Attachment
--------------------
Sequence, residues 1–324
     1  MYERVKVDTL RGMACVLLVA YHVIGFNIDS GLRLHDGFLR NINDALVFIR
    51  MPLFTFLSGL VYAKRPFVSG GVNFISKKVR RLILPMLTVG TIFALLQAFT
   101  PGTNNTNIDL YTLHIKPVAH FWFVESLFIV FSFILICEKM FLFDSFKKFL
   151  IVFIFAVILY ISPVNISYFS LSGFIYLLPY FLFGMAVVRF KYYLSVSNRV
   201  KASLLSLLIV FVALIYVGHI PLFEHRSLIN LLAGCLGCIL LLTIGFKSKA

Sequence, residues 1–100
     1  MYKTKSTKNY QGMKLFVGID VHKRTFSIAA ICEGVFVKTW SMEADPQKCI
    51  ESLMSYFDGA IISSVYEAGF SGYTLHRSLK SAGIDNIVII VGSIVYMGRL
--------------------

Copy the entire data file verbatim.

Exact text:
Sequence, residues 1–324
     1  MYERVKVDTL RGMACVLLVA YHVIGFNIDS GLRLHDGFLR NINDALVFIR
    51  MPLFTFLSGL VYAKRPFVSG GVNFISKKVR RLILPMLTVG TIFALLQAFT
   101  PGTNNTNIDL YTLHIKPVAH FWFVESLFIV FSFILICEKM FLFDSFKKFL
   151  IVFIFAVILY ISPVNISYFS LSGFIYLLPY FLFGMAVVRF KYYLSVSNRV
   201  KASLLSLLIV FVALIYVGHI PLFEHRSLIN LLAGCLGCIL LLTIGFKSKA

Sequence, residues 1–100
     1  MYKTKSTKNY QGMKLFVGID VHKRTFSIAA ICEGVFVKTW SMEADPQKCI
    51  ESLMSYFDGA IISSVYEAGF SGYTLHRSLK SAGIDNIVII VGSIVYMGRL